Letter to the editor: Public education is the great equalizer
As a retired educator, I want to give special thanks to current public school teachers who work with every student every day.
Unlike so many other areas of work, teaching a student is something for which there is no proven formula.
Educated students cannot be mass-produced like automobiles. Students are not copies of each other. Each student is unique and comes to school with varying abilities based on their life experiences. Parents often marvel at the differences between or among their own children who are raised in the same environment.
Imagine having 22 or more students who come from homes with different resources and opportunities. Now, with this example, I want you to imagine the expectation that the teacher should reach all students equally. Who among us could rise to such a formidable challenge?
When developing lessons, a teacher must be extremely competent and creative in order to meet the varied needs of the many students they have in the classroom. Can you imagine developing a lesson that will adapt to each student’s learning style? Some students are more visual while others learn best through an auditory mode. Many students need a combination of approaches to understand a concept or master a skill.
Some students must overcome their own challenges, including learning disabilities, physical difficulties, and/or communication deficits, in order to learn.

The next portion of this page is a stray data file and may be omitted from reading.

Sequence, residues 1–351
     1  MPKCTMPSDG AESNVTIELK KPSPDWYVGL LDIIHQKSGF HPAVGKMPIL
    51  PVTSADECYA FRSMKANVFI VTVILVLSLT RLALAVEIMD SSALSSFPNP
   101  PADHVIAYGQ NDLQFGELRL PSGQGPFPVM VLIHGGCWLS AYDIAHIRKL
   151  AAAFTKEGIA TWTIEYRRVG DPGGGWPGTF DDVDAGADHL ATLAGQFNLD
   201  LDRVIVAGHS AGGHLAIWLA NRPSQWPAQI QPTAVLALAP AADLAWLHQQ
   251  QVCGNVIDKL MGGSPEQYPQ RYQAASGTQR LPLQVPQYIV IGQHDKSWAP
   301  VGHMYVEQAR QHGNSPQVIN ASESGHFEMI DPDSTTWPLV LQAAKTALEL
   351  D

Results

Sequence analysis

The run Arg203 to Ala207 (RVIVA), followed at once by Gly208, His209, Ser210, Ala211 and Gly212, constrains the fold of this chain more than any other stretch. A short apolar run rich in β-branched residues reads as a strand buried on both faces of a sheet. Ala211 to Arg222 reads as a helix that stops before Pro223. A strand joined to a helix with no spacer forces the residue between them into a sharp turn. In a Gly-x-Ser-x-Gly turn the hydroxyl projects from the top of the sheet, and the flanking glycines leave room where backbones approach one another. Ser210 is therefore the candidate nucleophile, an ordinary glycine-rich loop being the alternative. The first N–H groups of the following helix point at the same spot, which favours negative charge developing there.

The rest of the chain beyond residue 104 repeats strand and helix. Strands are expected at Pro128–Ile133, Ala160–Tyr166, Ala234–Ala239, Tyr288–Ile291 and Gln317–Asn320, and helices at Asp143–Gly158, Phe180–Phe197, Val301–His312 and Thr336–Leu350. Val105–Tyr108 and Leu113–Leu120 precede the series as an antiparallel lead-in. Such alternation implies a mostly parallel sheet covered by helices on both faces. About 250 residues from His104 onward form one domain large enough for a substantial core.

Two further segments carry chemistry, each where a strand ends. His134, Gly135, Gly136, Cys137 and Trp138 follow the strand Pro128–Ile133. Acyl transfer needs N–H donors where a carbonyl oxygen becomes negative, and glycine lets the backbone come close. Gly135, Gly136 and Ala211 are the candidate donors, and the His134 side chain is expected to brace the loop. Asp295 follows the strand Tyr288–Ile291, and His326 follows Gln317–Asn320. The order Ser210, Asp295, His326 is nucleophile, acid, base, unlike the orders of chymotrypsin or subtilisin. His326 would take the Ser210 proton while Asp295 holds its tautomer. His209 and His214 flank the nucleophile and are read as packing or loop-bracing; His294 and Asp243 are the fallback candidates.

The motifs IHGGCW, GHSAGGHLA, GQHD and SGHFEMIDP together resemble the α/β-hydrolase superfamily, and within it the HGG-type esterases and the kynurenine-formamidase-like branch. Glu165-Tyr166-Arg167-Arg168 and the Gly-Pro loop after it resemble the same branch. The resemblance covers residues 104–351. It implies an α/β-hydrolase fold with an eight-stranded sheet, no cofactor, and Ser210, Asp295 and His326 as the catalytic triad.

Apart from the academic element of teaching, there are a number of issues to be addressed. Classroom management and discipline, for example, are always pressing issues on a teacher’s mind. These questions must be carefully associated with benevolence and compassion.
What a tricky juggling act. It is a very heterogeneous mix of students that make up a class and these same students reflect the uniqueness of our own community. We live in a nation of differences.
I don’t have space in this letter to fully address the outside factors affecting schools – the difficulty of teaching during a global pandemic and the horror of school shootings that have now made drills mandatory for training to ensure the safety of students during confinement. Public schools must compete for state funding as charter or choice schools are now included in the budget. Extreme test practices took away valuable and spontaneous teaching moments. Interactive, hands-on classroom projects and eye-opening educational visits to museums or opportunities for plays and concerts have been abandoned. Fine arts programs where many students excel are being cut due to funding issues.
Today’s educators have an extremely difficult job and society does not provide the proper respect and support. The level of pay is not equal to that of other professions and this in itself is ironic because teaching is the profession that makes all other professions possible.
As citizens, we have a responsibility to support our public schools. We cannot opt out simply because we have no children or our children are adults.
Public schools are the great equalizer. These current students are our future doctors, mechanics, barbers, accountants, chefs and real estate agents. These students will become scientific researchers, astronauts, technology designers and entrepreneurs.
The collective success of these students is imperative. This will impact our quality of life. For this reason, we all have a stake in public education.
We must give students every opportunity to succeed. These achievements are only possible with quality public education.